When first opened the arches behind the portico were unglazed and formed an arcade secured at close of business by iron gates. However, the building was subject to many alterations during the 19th century, so many indeed that by 1888 removal of internal support walls threatened the entire structure’s collapse. The main hall, memorably described by Christine Casey as being ‘like the lobby of a great Art Deco hotel’ dates from the second half of the 1920s. An Post has recently announced proposals to fill in the courtyard behind in order to create a 1916 museum. As yet no designs have been produced to show what form this might take.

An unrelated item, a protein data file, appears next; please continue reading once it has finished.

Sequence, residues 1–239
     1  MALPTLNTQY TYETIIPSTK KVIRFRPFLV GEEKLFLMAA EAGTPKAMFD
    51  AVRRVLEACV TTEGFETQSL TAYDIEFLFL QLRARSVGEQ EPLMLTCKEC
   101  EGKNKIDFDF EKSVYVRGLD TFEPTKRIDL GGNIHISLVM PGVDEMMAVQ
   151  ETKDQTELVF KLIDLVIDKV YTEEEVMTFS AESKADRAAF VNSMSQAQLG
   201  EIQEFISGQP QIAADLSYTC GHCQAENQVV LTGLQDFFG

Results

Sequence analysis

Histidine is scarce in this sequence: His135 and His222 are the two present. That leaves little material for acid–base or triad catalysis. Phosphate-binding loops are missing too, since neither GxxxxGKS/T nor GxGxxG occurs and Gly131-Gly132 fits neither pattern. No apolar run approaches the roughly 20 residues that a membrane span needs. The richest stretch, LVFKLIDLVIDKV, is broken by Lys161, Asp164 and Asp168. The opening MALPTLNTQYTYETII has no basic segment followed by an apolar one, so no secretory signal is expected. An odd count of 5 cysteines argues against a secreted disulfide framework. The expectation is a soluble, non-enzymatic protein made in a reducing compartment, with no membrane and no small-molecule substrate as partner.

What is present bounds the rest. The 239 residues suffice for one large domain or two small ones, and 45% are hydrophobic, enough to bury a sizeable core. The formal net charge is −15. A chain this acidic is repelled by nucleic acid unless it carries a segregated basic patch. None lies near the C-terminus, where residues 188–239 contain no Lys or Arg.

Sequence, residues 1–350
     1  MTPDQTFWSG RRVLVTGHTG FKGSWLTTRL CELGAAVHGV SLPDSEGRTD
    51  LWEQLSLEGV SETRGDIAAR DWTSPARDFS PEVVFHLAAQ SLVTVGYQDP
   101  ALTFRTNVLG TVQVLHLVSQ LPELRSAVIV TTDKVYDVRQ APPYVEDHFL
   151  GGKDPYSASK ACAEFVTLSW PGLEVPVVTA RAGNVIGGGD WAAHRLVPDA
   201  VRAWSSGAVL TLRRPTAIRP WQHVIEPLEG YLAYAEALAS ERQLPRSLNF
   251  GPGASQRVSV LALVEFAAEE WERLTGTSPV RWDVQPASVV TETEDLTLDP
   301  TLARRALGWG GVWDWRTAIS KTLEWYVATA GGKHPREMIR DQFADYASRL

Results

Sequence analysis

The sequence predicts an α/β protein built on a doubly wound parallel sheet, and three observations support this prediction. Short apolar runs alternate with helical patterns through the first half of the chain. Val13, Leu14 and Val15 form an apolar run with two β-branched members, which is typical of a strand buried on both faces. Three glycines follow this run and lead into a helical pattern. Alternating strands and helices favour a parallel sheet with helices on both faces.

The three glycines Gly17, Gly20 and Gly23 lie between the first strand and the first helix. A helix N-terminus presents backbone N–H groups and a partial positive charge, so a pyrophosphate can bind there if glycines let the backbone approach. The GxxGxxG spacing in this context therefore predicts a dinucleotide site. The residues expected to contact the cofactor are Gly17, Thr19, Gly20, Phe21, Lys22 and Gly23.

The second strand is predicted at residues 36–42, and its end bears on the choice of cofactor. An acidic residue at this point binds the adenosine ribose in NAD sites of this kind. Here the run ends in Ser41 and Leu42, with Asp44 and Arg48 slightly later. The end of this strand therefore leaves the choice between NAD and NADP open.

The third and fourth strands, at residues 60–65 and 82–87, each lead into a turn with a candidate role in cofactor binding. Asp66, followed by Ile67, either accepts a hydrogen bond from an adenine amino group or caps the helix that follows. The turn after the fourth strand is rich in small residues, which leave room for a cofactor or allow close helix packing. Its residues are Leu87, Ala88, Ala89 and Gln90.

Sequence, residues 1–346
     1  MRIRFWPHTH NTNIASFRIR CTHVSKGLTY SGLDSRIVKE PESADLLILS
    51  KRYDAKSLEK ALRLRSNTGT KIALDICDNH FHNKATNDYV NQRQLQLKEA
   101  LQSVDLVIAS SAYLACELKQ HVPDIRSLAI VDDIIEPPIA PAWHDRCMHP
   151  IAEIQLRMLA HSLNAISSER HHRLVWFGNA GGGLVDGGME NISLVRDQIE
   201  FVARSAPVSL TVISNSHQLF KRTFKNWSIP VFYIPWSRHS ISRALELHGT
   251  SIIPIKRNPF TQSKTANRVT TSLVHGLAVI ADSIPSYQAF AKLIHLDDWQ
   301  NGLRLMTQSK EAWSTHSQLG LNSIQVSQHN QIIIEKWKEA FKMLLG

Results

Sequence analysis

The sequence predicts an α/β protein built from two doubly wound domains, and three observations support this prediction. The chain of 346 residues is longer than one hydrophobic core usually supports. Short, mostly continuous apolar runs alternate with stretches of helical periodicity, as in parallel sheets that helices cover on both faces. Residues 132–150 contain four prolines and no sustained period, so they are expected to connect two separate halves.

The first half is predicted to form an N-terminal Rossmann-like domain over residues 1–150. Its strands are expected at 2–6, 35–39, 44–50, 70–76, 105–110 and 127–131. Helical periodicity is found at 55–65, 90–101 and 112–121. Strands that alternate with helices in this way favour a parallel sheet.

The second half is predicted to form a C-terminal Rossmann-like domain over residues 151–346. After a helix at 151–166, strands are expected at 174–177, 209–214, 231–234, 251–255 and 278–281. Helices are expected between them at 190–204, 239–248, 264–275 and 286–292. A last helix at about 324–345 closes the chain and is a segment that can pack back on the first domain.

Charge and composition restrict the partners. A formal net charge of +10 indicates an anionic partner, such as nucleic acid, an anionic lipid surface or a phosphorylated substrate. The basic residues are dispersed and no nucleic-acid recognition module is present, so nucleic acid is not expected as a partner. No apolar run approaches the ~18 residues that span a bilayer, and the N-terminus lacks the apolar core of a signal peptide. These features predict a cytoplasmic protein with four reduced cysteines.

Many of O’Connell Street’s present problems have their origins in the 1970s, although the destruction of Nelson’s Pillar by members of the IRA in March 1966 did not help: the thoroughfare’s appearance suffered from the absence of a monument which matched its grandiose scale. However, within a decade it was the demolition of older buildings and their inferior replacements – such as that now housing a branch of Penneys on the corner of Prince’s Street beside the GPO (built 1976-78) – which most clearly demonstrated the want of interest by relevant authorities in following the example of their forebears and maintaining decent standards of design. In addition, around the same period the first branches of now-ubiquitous fast food outlets arrived on the street, and again no effort was made to restrain their branding so that it was sympathetic to the surrounding environment.